“Stay and Fight: A Novel” by Madeline fifth— Independence and Protest

Ffitch, Madeline. “Stay and Fight: A Novel”,  Farrar, Straus and Giroux; 2019.

Independence and Protest

Amos Lassen

Madeline ffitch’s “Stay and Fight: A Novel” is a tribute to independence and a protest against the materialism in which we live today. We meet Helen who comes to Appalachian Ohio full of love and her boyfriend’s ideas for living off the land. However, with winter coming, he calls it quits. Rudy, Helen’s “government-questioning, wisdom-spouting, seasonal-affective-disordered boss” and a neighbor couple, Karen and Lily, come to help and Helen makes it to spring. The neighbors are awaiting the arrival of their first child, a boy, which means their time at the Women’s Land Trust must end.

Helen invites the new family to move in with her and they split the work and the food, build a house, and build a sustaining for years. Then young Perley decides he wants to go to school and Rudy sets up a fruit-tree nursery on the pipeline easement edging their land. With that, the outside world then comes into their makeshift family.

The part of Ohio Set is known for its independent spirit and what occurs in the novel changes what it means to be a family, to live well, to work in nature and to make deals with the system. This is a protest novel that challenges how we think about effective action and it is a family novel that refuses to conform to the traditional definition of how we define the word and concept of family. We are challenged to reimagine Appalachia and the America that we think we know and gives us a new understanding of what it means to love and to be free.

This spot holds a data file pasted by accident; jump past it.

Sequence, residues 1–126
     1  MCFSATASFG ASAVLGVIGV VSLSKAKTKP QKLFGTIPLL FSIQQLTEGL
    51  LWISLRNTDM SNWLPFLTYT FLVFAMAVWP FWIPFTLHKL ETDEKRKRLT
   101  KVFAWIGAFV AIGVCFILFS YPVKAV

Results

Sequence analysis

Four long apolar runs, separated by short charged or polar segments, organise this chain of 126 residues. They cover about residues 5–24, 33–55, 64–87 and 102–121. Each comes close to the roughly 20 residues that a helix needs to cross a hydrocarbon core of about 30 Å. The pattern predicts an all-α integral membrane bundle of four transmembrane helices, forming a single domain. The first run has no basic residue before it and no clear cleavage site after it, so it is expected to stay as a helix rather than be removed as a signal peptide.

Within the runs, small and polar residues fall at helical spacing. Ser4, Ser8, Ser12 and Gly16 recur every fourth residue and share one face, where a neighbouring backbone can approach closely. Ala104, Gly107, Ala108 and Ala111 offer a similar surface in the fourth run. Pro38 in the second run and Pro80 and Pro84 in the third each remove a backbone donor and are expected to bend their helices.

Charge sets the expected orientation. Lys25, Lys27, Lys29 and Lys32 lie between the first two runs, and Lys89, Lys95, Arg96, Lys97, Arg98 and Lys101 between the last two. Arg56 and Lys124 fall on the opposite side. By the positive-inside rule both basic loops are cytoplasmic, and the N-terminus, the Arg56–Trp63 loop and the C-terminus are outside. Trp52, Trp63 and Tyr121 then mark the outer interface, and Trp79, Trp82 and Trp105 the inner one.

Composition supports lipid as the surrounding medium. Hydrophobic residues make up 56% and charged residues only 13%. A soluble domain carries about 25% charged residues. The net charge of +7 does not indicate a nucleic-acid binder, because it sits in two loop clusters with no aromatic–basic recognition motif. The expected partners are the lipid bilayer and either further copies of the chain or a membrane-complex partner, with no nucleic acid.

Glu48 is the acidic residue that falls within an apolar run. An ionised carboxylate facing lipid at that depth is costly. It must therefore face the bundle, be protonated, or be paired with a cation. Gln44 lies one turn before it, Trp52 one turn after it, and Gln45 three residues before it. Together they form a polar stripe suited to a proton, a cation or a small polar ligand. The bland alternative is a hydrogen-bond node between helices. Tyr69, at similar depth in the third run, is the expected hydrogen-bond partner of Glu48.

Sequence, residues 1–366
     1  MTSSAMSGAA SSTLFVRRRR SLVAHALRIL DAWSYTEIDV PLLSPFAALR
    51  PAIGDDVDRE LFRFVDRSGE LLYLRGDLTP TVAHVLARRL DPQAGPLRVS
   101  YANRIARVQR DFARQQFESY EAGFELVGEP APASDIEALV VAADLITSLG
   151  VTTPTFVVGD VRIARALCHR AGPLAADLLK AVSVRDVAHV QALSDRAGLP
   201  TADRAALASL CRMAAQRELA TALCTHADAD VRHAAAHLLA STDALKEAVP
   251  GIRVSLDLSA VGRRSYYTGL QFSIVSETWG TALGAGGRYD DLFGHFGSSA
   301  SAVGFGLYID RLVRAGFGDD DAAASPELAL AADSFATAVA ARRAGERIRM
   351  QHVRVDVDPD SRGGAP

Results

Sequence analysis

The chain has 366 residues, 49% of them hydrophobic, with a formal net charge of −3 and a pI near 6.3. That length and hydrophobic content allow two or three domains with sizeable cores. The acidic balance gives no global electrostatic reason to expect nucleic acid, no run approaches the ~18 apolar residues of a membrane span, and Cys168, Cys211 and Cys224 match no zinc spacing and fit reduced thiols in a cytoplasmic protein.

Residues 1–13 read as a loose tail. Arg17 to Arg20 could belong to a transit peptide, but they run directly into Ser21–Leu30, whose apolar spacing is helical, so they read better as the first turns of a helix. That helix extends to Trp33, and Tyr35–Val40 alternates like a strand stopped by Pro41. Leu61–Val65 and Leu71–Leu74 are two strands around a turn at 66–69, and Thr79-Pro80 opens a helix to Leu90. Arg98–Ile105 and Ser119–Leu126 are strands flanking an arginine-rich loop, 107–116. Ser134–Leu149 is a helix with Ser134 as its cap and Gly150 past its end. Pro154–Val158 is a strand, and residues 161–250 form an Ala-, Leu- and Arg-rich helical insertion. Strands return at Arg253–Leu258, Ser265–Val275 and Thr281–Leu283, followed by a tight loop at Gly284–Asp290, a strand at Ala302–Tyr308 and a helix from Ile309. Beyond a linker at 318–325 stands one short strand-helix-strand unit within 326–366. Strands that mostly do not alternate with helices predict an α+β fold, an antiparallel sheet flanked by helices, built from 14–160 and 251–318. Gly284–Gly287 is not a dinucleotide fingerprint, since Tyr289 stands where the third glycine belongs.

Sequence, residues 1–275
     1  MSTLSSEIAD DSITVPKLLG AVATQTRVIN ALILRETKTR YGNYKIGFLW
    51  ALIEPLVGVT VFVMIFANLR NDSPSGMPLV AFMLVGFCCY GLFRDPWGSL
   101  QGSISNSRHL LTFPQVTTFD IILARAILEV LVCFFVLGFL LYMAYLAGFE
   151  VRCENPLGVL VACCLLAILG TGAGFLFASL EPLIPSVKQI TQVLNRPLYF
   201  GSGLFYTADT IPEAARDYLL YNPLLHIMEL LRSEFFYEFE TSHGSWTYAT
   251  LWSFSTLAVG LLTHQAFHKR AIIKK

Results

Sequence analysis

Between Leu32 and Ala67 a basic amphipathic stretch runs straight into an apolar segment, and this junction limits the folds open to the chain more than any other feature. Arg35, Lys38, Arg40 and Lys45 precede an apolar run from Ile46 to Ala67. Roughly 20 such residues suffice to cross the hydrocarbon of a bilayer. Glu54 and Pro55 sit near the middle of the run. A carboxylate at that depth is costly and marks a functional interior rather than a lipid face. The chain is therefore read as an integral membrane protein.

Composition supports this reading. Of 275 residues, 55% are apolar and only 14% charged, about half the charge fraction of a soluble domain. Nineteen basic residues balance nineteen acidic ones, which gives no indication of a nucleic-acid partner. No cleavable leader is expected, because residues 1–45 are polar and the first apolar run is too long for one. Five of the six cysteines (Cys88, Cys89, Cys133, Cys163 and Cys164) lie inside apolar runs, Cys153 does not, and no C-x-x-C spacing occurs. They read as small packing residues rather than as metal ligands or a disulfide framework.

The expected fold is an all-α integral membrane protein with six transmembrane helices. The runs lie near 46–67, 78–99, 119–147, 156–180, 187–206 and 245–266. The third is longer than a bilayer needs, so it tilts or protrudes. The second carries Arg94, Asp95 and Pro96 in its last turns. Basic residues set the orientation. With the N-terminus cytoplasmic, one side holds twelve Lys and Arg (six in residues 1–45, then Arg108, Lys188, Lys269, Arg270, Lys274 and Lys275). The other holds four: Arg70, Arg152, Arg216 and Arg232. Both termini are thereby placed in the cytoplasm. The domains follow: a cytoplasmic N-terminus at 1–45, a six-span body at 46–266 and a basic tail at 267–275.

Winter in Appalachian Ohio is rough and demands adequate preparation. For Helen, this meant bringing her recently displaced neighbors and their son to help create a homestead with her on 20 acres of land. By the time Perley says that he wants to leave their isolated existence to go to school, we have a different picture of this way of life with all of its problems and dangers— “sleeping with black rat snakes, minding the “humanure” pile, and foraging for dinner when the daily game of “survival dice” doesn’t win a trip to the grocery store.” When an innocent accident attracts the attention of Social Services, the family’s world faces change. Madeline ffitch’s takes us from family drama to a political one that threatens their way of life. The characterizations of the family, especially Perley, who is bonded to each member gives the motivation behind the  title of the book. This is celebration of family and what freedom means.

This book is filled with quick verbal exchanges banter and complicated, unforgettable characters. Here is a queer feminist pioneer novel and the story of a different America. It looks at central, tender, and violent conflicts of our time as we see through the family’s sadness and humor. The prose is fresh and evocative. Personalities are revealed through the eyes of others. Yet, everyone is an unreliable narrator towards their own life; they each see themselves as completely differently to how the other characters saw them making this an original way to tell a story. Everyone has the best intentions but nobody is totally sympathetic. It is up to us to decide how to see the characters thus involving us in what we read.”

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